Pregnancy loss (%)                               9          21          21         21       32                  22

Calving rate (%)                                    31         31          33         29       20                  29 

Pursley JR, Silcox RW, Wiltbank MC. Effect of time of artificial insemination on pregnancy rates, calving rates, pregnancy loss, and gender ratio after synchronization of ovulation in lactating dairy cows. J Dairy Sci 1998;81:2139-2144.


Presynch 

Protocol:  PGF—-14 days —- PGF—-12-14 days—-GnRH—-7 days—- PGF—-56 hours—-GnRH—-12-16 hours—-TAI

Benefits: Two set-up shots of prostaglandin, administered 14 days apart, help to remove randomness in the estrous cycle and ensure that most cows are at the correct stage of estrus to respond to the Ovsynch protocol. In one study of more than 500 cows, conception rates on first-service AI improved from 29 percent for Ovsynch to 43 percent for Presynch.2 The initial Presynch protocol was developed using an interval of 12 days between the second prostaglandin shot and the first GnRH shot. Subsequent studies have used a 14-day interval to allow the first 4 shots to be administered on the same day of the week and no significant effect on conception rates were observed. Because of the length of the protocol, Presynch should be used only for cows at their first postpartum AI service.

 

Ovsynch + progesterone

Protocol:  GnRH + progesterone insert—-7 days—- PGF + Remove progesterone insert—-56 hours—-GnRH—-12-16 hours—-TAI

Benefits: By adding progesterone within the Ovsynch protocol (and moving the prostaglandin shot up by 1 day), a steady dose of progesterone is delivered to suppress estrus during the first 7 days of the program. This program has been found to be especially successful for the re-synchronization of cows diagnosed open at pregnancy check.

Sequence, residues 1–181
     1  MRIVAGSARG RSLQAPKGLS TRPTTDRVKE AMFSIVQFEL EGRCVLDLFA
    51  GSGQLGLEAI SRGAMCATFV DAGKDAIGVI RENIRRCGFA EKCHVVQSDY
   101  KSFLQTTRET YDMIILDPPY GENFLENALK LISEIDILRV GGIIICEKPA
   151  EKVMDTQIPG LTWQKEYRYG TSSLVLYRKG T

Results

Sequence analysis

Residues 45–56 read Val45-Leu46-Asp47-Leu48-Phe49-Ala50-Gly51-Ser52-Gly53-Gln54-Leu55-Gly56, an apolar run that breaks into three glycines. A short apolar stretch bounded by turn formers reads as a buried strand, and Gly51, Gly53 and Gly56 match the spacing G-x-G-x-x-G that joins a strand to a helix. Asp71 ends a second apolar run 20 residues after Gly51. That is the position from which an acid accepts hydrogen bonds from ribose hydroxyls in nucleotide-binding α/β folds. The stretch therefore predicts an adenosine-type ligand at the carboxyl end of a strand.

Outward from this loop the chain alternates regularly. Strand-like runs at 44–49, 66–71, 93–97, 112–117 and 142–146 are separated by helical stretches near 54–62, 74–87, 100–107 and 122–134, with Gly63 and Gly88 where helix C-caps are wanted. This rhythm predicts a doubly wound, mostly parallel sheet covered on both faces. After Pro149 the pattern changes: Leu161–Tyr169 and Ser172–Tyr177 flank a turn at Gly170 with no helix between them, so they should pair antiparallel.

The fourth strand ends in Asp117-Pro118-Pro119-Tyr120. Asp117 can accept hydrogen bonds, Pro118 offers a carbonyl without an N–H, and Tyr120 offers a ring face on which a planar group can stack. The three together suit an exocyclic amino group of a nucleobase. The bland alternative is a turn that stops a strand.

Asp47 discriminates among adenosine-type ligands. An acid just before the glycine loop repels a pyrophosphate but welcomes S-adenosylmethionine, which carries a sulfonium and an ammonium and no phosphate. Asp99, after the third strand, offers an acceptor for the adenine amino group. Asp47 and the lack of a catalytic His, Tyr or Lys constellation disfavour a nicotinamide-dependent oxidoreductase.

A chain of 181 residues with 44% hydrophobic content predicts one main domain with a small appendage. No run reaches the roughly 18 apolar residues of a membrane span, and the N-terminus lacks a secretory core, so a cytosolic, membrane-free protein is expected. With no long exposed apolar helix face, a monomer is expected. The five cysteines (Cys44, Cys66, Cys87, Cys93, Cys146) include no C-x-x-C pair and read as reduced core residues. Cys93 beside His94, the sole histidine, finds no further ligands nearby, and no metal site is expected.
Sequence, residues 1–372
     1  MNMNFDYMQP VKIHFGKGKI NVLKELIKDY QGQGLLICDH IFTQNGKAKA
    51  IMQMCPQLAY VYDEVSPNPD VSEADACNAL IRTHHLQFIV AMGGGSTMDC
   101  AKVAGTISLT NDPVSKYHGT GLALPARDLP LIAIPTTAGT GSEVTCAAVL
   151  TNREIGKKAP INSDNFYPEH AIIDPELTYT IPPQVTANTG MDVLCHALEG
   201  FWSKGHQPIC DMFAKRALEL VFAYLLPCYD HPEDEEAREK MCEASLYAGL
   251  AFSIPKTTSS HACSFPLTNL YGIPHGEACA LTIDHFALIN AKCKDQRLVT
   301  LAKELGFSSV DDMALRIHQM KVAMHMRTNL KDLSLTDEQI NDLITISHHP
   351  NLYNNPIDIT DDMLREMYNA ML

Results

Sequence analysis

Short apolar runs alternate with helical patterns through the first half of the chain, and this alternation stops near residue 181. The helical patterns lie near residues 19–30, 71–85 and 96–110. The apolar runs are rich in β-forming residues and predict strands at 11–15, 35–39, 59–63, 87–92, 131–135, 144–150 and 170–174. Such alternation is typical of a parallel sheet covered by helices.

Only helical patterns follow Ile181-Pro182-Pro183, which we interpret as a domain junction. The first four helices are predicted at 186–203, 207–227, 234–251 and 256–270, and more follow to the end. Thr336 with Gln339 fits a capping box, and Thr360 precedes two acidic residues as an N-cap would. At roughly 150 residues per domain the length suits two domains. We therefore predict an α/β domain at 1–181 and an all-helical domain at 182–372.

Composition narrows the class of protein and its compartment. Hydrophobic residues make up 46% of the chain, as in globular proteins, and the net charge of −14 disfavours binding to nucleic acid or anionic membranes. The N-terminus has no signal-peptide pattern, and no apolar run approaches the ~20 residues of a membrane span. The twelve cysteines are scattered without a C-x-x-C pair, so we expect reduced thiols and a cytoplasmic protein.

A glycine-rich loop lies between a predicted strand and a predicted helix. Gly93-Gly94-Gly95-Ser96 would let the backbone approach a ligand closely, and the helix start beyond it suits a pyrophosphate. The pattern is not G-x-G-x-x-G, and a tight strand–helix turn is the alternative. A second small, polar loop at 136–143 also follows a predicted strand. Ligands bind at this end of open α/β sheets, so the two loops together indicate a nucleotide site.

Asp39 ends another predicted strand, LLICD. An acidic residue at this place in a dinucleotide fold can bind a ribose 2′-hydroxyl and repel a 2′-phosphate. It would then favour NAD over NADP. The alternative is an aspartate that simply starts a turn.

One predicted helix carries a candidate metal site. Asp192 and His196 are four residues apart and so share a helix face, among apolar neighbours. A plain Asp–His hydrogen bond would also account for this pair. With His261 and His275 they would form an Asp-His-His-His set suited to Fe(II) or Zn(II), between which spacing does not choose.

Fricke recommends that the ultimate selection of a synchronization program should be based on the herd’s reproductive goals, labor availability, convenience of administration and cost considerations. Facilities, such as pen configurations and head locks, may need to be modified for successful implementation. 

“Consult your herd veterinarian to weigh your options and decide what you want to achieve and which of the programs are practical and can be implemented,” advises Staley. “Regardless of the program selected, the most important factor will be that it is implemented correctly and consistently.”

Breeding efficiency is a key element of Pfizer Animal Health’s Dairy Wellness Plan™. The plan is a 365-day approach to managing a dairy operation that focuses on the health of the dairy animal, the overall economic health of the operation, and the proper use of animal health products leading to a safe and healthy food supply. To learn more about the Dairy Wellness Plan, visit dairywellnessplan.com.

Pfizer Inc. (NYSE: PFE), the world’s largest research-based pharmaceutical company, is a world leader in discovering and developing innovative animal vaccines and prescription medicines. Pfizer Animal Health is dedicated to improving the safety, quality and productivity of the world’s food supply by enhancing the health of livestock and poultry, and in helping companion animals live longer and healthier lives. For additional information on Pfizer Animal Health’s portfolio of animal products, visit www.PfizerAH.com.

*Note: The products listed in these reproductive programs may not be approved by the FDA for use in combination or program use. Consult your veterinarian for appropriate use of these products.

1 Pursley JR, Silcox RW, Wiltbank MC. Effect of time of artificial insemination on pregnancy rates, calving rates, pregnancy loss, and gender ratio after synchronization of ovulation in lactating dairy cows. J Dairy Sci 1998;81:2139-2144.

2 Moreira F, Orlandi C, Risco C, Lopes F, Mattos R, Thatcher WW. Pregnancy rates to a timed insemination in lactating dairy cows pre-synchronized and treated with bovine somatotropin: cyclic versus anestrus cows. J Dairy Sci 2000;83(Suppl 1):134(Abstr.).